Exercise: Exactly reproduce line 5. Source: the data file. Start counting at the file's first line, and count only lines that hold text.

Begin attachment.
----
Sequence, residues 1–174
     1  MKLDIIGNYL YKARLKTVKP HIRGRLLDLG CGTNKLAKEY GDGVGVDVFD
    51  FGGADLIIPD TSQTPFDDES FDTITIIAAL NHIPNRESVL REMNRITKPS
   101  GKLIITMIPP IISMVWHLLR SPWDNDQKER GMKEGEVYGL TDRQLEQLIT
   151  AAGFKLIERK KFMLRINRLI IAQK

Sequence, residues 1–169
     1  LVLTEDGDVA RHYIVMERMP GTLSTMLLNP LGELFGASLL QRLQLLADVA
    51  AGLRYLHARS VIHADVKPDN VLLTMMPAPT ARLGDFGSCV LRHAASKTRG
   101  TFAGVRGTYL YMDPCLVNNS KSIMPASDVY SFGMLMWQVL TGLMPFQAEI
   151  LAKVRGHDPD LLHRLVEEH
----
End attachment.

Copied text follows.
   151  AAGFKLIERK KFMLRINRLI IAQK